Fatal Error: What It Is and How to Fix It

Take these steps when a fatal exception error closes your program

A fatal error is a type of error that forces a computer program to close or the entire operating system to shut down suddenly. This type of error is commonly associated with the blue screen of death in Windows, but less severe fatal exception errors only cause a single program to close.

In some cases, fatal errors are spontaneous and temporary, and you can safely continue using the computer without any additional problems. If fatal errors persist, and especially if these errors reoccur when using the same program or performing the same task, there could be a problem with either the hardware or software on the computer.

How Fatal Errors Appear

Fatal error messages typically appear when a program suddenly shuts down because of some type of failure, or when a Windows computer suddenly displays the blue screen of death before shutting down, or when a macOS or Linux computer suffers a kernel panic.

A fatal error on a laptop.
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When a fatal error occurs, a message like one of these appears:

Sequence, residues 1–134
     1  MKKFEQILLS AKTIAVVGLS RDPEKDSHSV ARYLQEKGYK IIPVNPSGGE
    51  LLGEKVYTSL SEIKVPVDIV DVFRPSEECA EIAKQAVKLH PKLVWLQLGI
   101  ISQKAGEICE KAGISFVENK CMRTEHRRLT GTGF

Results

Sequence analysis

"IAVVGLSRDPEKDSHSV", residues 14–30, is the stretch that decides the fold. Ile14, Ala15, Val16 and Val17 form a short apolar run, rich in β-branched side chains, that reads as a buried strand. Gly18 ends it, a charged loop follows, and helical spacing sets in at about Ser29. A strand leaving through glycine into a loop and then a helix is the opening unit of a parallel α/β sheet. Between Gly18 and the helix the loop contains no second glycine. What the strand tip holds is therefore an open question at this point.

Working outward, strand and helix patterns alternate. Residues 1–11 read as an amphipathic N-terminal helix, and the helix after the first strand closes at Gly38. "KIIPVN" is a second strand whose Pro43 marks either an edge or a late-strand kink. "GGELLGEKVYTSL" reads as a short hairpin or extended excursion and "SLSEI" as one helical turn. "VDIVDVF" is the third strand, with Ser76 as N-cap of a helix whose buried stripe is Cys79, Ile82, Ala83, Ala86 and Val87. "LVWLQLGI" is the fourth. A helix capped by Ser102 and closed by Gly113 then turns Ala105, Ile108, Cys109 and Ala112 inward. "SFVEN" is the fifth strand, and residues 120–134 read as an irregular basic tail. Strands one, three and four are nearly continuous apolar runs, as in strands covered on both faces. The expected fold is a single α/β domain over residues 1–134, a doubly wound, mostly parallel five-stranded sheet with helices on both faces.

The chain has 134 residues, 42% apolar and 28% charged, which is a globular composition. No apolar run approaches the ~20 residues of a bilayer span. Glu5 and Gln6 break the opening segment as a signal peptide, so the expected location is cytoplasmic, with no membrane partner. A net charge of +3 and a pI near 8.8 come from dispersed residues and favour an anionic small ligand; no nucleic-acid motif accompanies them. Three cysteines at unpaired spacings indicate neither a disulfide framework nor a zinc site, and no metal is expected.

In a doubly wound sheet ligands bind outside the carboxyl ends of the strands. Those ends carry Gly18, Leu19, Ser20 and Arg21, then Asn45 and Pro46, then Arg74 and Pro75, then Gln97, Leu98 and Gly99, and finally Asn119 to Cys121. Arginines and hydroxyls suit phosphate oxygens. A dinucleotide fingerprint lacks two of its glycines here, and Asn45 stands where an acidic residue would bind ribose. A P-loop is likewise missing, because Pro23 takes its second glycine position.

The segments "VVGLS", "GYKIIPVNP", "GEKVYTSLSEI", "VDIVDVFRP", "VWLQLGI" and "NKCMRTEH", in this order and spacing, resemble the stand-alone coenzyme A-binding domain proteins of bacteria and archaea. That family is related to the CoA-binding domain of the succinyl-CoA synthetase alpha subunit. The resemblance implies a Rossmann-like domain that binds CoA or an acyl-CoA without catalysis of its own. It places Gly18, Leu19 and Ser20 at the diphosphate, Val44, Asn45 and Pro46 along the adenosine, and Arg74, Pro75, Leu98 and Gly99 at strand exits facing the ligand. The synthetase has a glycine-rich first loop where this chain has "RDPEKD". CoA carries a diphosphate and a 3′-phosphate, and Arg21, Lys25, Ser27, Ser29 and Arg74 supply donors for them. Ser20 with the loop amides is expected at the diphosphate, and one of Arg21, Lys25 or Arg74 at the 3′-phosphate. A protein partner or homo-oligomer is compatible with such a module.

• FATAL ERROR: Unhandled xxx Exception at xxx
  • A fatal exception xx has occurred at xxxx:xxxxxxxx
  • Fatal error detected, unable to continue. Terminating due to uncaught exception.

When you experience a fatal error message, whether or not it looks exactly like these examples, write down what you see. The specific type of error, and the series of numbers and letters that are often included, can help track down the problem.

What Causes a Fatal Error?

When you run a program on an operating system like Windows, and the program encounters something unexpected, it generates a message called an exception. These exceptions allow programs to run smoothly and operate normally, even when something unexpected happens.

When a program is given or generates an unknown or unexpected exception, the result is a fatal error. This same type of problem can also be referred to as a fatal exception, or a fatal exception error.

Depending on the severity of the error, you may be given the option to continue running the program, or the program may terminate automatically.

How to Fix a Fatal Error

Fatal errors can be caused by a variety of unexpected interactions between different programs, between programs and drivers, between programs and the hardware, and physical faults or defects in the hardware.

Follow these fixes to get to the bottom of the fatal error.

  1. Search for the error code to find specific instructions. Some fatal errors are fairly basic, but most error messages provide a code that can help you find specific information about the problem. If the error looks like this: